School funding

Most schools to cut staff, axe repairs and up class sizes over funding crisis

Heads reveal 'catastrophic' and 'devastating' reality of rising costs

Heads reveal 'catastrophic' and 'devastating' reality of rising costs

Most schools will likely cut staff, increase class sizes and axe building repairs over the coming years to deal with rising costs, with some secondaries facing a £500,000 hit.

A survey of 630 headteachers by the Association of School and College Leaders reveals the “catastrophic” impact of the funding crisis on schools.

Nearly all schools (98 per cent) said they would have to make savings either this year or next to meet rising costs.

Inflation and soaring energy bills mean schools face a £2 billion shortfall by 2024, previous analysis suggests.

Two-thirds of schools are considering cutting support staff or scrapping or suspending capital projects. Over half say it is likely they will reduce staff and increase class sizes or reducing the number of teaching assistants.

Cost pressures include the unfunded teacher and support staff pay rises, rising catering costs and energy bills that one sector leader described as “apocalyptic”.

Schools face costs equal to 10 teachers

Some secondary schools estimated the extra costs amounts to £500,000, the equivalent cost of employing 10 teachers.

Two in four schools were considering reducing their curriculum options, with music, drama and design and technology most likely for the axe.

One head described the situation as “Devastating. I have been here for 15 years and put my heart and soul into improving this school. It has been tough, but it has worked; this is now going to be thrown away.”

Another said it was “Catastrophic. The scale of savings required in-year is unachievable.

“Our forecast budget, which was previously positive, is now dire. We would have to fundamentally change our offer to manage. The quality of education we will be able to provide will be substantially reduced.”

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Seventeen schools (2.7 per cent) said they are considering a four-day week.

Local authority-maintained schools are required to run at least two sessions on every school day, but there is no such rules for academies.

Geoff Barton, ASCL general secretary, said the “future is bleak unless the government acts urgently.

“No government can claim to be serving the public interest by presiding over an education funding crisis which cuts provision and imperils standards. And no government which does so can expect to remain in power at the next General Election.”

New prime minister Rishi Sunak warned that “difficult decision” will be needed to find public spending cuts.

But Barton said it should be clear “it is simply untenable to once again sacrifice schools and colleges on the altar of austerity, as happened in the wake of the last financial crisis.

Education must not be ‘soft target for government cuts’

“Education should not be seen as a soft target for government cuts but a vital public service and an investment in the future.”

More than nine in ten schools that answered a recent survey by school leaders’ union NAHT said they will be in deficit next year unless they make “significant cuts”.

It is simply untenable to once again sacrifice schools and colleges on the altar of austerity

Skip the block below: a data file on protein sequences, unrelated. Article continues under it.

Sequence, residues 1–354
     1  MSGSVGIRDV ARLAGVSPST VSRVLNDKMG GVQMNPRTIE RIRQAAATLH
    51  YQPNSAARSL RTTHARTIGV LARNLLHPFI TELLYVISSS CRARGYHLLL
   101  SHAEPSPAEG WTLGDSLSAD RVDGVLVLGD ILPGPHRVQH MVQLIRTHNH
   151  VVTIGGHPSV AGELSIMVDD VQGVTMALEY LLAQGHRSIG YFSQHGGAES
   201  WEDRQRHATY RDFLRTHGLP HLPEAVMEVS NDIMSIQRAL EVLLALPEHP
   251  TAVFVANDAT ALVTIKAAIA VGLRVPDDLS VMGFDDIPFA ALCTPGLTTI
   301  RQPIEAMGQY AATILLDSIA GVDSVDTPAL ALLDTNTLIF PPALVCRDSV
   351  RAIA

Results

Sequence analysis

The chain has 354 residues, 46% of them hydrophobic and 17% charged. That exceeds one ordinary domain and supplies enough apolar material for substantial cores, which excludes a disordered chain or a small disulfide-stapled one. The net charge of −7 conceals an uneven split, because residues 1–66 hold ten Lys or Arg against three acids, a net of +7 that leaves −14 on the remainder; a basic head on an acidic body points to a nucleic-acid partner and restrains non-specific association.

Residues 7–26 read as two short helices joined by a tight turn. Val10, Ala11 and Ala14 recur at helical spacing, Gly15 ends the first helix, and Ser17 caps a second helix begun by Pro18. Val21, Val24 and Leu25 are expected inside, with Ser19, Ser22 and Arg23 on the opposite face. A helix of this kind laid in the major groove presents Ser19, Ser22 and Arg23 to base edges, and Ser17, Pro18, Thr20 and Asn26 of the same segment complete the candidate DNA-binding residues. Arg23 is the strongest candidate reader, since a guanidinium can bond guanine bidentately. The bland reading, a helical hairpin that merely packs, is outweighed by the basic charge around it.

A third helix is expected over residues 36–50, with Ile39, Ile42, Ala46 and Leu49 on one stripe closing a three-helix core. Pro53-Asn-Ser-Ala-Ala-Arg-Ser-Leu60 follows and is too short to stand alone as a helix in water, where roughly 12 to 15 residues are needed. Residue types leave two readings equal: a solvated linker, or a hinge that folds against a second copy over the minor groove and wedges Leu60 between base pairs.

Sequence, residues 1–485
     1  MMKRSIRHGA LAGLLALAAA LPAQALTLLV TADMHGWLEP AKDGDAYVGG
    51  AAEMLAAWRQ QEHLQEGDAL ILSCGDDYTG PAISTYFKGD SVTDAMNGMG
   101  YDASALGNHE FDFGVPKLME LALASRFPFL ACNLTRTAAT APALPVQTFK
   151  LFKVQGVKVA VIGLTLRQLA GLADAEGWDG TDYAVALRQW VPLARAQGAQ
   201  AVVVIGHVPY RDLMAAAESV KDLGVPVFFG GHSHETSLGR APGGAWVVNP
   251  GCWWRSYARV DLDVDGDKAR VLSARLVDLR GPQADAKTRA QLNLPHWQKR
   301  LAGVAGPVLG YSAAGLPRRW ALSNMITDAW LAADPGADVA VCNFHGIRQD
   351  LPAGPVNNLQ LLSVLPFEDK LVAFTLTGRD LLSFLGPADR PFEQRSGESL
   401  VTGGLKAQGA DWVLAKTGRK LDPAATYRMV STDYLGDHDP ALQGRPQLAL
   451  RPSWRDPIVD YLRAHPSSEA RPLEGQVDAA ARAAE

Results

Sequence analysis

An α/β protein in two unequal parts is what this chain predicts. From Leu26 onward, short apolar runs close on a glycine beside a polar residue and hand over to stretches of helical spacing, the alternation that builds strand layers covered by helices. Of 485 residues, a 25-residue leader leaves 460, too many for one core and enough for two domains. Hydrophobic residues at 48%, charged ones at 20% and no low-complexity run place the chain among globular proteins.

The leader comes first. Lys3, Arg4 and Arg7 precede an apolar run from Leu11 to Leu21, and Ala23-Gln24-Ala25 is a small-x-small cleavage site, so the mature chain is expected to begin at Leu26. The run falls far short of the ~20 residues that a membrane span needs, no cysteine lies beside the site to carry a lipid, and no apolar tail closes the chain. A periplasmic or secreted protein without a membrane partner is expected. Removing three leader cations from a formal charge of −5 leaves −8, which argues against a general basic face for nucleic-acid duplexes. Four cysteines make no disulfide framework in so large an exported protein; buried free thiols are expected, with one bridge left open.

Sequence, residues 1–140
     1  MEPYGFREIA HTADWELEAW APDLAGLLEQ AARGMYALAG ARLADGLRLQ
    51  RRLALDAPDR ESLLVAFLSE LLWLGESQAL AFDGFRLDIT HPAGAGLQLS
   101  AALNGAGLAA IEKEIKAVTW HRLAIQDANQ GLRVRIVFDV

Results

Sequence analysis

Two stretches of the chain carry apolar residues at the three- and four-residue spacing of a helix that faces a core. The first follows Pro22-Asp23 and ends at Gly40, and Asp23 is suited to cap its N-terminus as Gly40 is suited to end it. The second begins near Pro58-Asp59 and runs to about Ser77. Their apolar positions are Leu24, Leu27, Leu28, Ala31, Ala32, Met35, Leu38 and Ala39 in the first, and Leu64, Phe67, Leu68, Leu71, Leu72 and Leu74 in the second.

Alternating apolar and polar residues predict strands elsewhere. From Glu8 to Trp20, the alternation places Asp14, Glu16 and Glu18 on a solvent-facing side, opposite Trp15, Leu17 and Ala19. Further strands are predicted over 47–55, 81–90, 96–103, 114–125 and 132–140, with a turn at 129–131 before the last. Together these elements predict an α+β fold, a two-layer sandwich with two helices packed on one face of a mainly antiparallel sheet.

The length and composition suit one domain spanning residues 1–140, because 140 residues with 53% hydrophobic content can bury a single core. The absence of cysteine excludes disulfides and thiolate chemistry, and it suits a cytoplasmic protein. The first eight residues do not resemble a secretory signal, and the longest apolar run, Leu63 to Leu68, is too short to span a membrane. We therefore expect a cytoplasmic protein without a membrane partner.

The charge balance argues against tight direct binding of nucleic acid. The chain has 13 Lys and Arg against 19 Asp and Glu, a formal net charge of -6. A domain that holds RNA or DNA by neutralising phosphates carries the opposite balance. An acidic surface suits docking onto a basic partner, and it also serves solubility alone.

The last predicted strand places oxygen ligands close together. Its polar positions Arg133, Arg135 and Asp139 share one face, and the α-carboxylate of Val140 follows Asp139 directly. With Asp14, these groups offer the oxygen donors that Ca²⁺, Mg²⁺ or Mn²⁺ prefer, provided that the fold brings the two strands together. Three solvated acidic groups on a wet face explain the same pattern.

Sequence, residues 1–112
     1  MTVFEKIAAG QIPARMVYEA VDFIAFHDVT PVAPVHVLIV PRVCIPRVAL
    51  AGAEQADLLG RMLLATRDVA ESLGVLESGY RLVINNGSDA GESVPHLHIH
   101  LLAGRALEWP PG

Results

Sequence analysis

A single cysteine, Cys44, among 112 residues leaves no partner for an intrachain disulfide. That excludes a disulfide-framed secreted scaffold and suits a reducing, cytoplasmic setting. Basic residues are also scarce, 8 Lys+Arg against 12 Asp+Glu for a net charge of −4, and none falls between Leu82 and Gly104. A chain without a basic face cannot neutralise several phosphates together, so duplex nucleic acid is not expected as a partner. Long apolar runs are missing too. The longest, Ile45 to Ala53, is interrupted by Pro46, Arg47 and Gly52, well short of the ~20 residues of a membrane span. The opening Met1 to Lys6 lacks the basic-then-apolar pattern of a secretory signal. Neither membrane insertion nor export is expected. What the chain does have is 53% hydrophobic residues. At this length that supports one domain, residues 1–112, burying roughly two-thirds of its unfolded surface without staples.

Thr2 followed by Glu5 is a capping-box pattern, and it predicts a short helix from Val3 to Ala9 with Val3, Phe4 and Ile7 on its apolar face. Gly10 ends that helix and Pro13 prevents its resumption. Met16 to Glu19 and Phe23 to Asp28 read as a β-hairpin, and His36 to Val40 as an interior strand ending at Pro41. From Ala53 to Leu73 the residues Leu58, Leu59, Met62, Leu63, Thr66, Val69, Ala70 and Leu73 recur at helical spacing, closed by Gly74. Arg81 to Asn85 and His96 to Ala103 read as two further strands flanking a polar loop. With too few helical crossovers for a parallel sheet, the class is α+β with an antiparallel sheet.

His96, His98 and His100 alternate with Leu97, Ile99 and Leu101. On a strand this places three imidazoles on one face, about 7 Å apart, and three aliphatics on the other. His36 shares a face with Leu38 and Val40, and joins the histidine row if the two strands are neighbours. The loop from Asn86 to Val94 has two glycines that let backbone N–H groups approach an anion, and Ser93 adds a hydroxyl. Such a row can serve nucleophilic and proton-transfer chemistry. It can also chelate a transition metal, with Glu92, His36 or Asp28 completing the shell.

Union deputy general secretary Nick Brook called on new education secretary Gillian Keegan to “urgently get to grips with the reality of the situation … and make a compelling case to the Treasury for the funding so urgently needed”.

Schools Week revealed last week that some councils have as many as half their schools in deficit. Meanwhile more than 350 academy trusts recently signed a letter expressing “grave concerns” over the funding squeeze on the “viability” of their schools.

A Department for Education spokesperson said they “understand that schools are facing cost pressures”. This is why schools core funding has risen by £4 billion this year.

The six-month energy guarantee scheme will also provide “greater certainty over their budgets over the winter months.

“We are also providing schools with tools and information to help get the best value for money from their resources.”

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  1. Mrs Dawn Wilkinson -Flynn

    Once again support workers are targeted , made to feel like second class .
    I have worked extremely hard for 24 years as a pupil support assistant, running a unit to help our children cope with extreme social, emotional, mental and academic difficulties to help them achieve and cope.
    My pension was taken from me to retire and open the way for a younger person take up the vital role .
    Now you threaten the likes of me with losing my job .
    At 62 years of age and having always worked and paid all contributions I feel worthless .

  2. Ruzilda williams

    I work in a special needs school,we have a hard working staff on a low paid. Its a joke that the PM gets that big pay out if she lives another 40 years thats 5.6 million .What schools and hospitals could do with that money.Some schools are thinking of going 4 days a week,The impact of covid and no support staff.,what is the future looking like for these kids.

  3. Joshua Rowe

    It is appalling. Education is always the poor relative in government funding.

    Many schools do not have any money to pay for the huge increase in staff salaries [schools were told to budget on the basis of 2% and then, in August, this rose to between 5% – 9%].

    Many schools do not have any money to pay for the mammoth increase in energy costs. The six month government support alleviates some of the pressure but nowhere near the true cost of the increase